Panel from Thor: The Dark World Prelude

Odin uses his staff (and dark magic) to send Thor to Earth (called Midgard above), after witnessing Loki’s plans and realising that humans had the Tesseract.

In the second issue, Thor and Heimdall use the power of the Tesseract to rebuild the Bifrost. This allows them to restore peace to the nine realms, and presumably sets the scene for Thor’s return to Earth in Thor: The Dark World, The Avengers 2, et al.


I think dark energy should be read as magical energy, for all intents and purposes, in the Marvel Cinematic Universe. If so, the powerful sorcerers such as Loki, Odin, Dr. Strange, etc. would kinda be like mutants with the natural ability to draw on and manipulate dark energy to achieve various "supernatural" effects, with the use of different "focuses," such as Loki's staff in Avengers, to allow for a finer level of control, more powerful effects, and/or a broader range of effects. Assuming this, Odin basically used his natural powers to channel a large amount of dark energy into a spell to send Thor back to Earth, probably leaving him exhausted just as Loki was at the beginning of the movie. Side note, Loki is basically the most powerful sorcerer in Asgard, so he can probably draw on much larger amounts of dark energy at a time than Odin, which would explain why he was able to connect with the Cube and open a portal from so far away without direct access to the Cube.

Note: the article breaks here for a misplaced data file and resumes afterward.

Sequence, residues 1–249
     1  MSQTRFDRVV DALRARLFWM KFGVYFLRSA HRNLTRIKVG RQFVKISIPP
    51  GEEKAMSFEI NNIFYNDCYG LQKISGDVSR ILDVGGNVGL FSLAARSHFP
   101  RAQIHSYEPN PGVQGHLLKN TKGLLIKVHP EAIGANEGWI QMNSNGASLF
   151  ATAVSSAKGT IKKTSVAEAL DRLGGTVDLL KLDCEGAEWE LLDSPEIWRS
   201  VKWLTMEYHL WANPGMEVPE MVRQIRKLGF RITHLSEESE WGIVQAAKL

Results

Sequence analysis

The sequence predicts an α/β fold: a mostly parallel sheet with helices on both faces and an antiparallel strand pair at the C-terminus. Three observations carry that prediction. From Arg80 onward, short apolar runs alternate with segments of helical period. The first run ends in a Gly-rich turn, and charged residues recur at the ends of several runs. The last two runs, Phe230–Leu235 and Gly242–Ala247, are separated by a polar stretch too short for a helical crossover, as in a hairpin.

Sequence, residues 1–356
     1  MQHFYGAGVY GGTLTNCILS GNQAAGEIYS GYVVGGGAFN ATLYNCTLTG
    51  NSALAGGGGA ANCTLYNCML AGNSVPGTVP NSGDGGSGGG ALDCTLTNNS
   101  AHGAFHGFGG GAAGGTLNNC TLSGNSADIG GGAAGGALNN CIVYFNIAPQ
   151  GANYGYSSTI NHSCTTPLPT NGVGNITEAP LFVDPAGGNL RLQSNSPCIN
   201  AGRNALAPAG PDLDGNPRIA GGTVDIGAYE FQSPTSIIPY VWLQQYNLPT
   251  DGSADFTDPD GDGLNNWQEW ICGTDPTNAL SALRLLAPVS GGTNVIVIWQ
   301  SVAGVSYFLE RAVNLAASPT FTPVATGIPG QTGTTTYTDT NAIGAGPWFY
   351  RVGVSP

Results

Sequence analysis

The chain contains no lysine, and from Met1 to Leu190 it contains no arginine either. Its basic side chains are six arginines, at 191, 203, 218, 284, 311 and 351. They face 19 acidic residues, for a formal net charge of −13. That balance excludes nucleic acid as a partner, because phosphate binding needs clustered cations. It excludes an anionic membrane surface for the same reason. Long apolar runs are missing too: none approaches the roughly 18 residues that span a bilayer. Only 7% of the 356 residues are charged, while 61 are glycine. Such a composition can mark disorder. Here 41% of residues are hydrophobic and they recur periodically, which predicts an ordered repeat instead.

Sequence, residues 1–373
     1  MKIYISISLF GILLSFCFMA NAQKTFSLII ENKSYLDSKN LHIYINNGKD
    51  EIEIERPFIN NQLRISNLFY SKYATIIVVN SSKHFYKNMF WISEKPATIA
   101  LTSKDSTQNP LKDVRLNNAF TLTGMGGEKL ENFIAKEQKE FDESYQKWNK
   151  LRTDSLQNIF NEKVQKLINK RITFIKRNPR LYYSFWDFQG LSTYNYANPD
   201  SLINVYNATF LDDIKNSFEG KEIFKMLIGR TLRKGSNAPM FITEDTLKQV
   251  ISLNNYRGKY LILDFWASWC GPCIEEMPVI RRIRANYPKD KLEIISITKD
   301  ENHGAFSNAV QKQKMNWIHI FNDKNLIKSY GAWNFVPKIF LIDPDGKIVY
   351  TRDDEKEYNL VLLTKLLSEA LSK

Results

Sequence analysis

The question is a little confusing. As far as I know, the specific plot that played out in the film Thor didn't occur in the comics, it was largely an original story. So the particular issue of Thor needing to get to Midgard (i.e. Earth) from Asgard without using Bifrost may not have happened in the comics.